|The Frankfurt-Tipp rating:|
|Direction:||Felix van Groeningen|
|Production country:||Belgien/Frankreich/Niederlande 2015|
|Running time:||Approx. 127 min.|
For many years, disparate brothers Jo (Stef Aerts) and Frank (Tom Vermeir) had lost track of each other. But suddenly Frank shows up at Jo's music bar and offers to help him out behind the bar on the weekends - an offer Jo is only too happy to accept. Through the mixture of Jo's business acumen and Frank's willingness to take risks, the Café Belgica quickly develops into an absolute cult hangout that soon needs to be expanded. Despite their differences, the brothers swim on a wave of success and their lives become one long party for that moment. Rock 'n' roll, women, drugs, alcohol - from now on all this determines the everyday life of the two. But when especially Frank loses himself more and more in this intoxication, reality catches up with the brothers with full force again.
With his fifth feature film Café Belgica director Felix van Groeningen delivers the highly anticipated follow-up to his international surprise success The Broken Circle. Expectations are high, as the predecessor left an enormous impression in terms of acting, music, dramaturgy and especially emotion. And of course one expects a similar effect from the sequel. To take it in advance: It doesn't happen this time. Café Belgica has some very good moments, some excellently observed snapshots and interesting characters. However, the story fails to captivate over a running time of more than two hours, nor does it offer anywhere near the kind of emotional depth that The Broken Circle had.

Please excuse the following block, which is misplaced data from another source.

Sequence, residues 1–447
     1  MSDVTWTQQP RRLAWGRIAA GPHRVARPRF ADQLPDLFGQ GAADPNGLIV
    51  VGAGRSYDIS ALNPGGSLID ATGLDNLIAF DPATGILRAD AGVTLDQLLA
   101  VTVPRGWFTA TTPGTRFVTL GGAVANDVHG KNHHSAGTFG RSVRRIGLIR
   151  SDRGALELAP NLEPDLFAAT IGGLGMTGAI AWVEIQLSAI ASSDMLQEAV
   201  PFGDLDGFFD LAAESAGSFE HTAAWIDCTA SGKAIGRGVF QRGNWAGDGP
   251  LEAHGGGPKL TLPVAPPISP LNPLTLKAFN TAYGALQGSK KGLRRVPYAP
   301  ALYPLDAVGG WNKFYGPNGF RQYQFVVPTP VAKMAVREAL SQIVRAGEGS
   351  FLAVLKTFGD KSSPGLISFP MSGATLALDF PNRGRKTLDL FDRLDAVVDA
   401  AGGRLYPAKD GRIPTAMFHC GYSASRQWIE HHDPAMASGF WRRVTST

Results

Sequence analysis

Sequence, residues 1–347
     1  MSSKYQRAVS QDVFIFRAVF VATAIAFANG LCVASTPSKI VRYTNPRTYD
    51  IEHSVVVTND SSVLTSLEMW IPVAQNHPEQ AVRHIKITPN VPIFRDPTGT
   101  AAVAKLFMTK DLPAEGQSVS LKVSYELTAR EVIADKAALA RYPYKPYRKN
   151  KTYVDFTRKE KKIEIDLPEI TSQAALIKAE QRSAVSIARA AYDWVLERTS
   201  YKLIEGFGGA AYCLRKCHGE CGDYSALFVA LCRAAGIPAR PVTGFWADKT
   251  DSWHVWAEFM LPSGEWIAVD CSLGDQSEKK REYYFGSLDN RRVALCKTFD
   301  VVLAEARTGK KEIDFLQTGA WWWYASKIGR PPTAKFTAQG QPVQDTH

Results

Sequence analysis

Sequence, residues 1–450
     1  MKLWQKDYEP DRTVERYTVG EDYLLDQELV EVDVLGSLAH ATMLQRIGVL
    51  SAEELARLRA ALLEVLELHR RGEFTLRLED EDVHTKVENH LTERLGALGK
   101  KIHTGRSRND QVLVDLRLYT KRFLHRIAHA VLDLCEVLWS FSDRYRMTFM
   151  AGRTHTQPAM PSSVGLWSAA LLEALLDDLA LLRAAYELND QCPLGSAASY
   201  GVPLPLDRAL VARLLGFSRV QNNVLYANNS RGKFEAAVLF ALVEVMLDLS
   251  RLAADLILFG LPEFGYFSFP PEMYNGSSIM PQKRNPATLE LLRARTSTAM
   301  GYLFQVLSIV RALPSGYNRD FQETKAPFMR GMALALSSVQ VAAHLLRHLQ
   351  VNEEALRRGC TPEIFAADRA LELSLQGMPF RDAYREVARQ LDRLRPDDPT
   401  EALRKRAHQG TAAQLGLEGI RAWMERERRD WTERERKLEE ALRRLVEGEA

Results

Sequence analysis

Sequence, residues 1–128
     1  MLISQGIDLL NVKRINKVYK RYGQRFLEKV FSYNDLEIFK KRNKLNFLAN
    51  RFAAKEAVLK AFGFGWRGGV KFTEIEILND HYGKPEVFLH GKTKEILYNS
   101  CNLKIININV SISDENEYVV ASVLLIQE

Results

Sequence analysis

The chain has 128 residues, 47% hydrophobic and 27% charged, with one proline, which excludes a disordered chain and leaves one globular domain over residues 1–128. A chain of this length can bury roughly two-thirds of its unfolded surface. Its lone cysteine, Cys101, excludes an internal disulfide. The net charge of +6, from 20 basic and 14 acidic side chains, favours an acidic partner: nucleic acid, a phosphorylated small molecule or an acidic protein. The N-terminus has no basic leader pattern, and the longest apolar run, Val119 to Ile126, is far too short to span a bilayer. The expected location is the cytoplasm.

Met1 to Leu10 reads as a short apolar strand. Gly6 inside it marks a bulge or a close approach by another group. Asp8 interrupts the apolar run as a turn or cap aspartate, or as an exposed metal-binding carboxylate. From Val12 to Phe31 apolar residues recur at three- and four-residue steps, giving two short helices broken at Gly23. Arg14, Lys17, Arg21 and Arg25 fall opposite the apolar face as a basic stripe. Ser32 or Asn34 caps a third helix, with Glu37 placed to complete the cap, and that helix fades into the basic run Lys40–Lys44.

It is quite fascinating how van Groeningen traces the rise and fall of the two brothers here. How he slowly solidifies their estranged relationship, only to have it fall apart again. And it's also very refreshing to see how authentically the story tells the very different effect the events have on Jo and Frank, on their relationship, and on their future. Still, the whole thing lacks the emotional core that binds the audience to the characters. The fact that the production also has a somewhat episodic feel to it, and that some events are only touched upon while other scenes drag on badly, further tarnishes the overall impression.
This is not to say that Café Belgica is a bad film. The actors are very good as they manage to make their characters seem very real. The behind-the-scenes look at the music bar definitely has its fascinating moments. However, all of this wears thin in the long run and since - as the story might have it - a certain superficiality is palpable, in the end you're not left with nearly the lasting and intense impression The Broken Circle was able to leave behind. But for program lovers who want to get an authentic insight into the microcosm of a rock`n`roll pub, the film is definitely worth seeing!
An article by Frankfurt-Tipp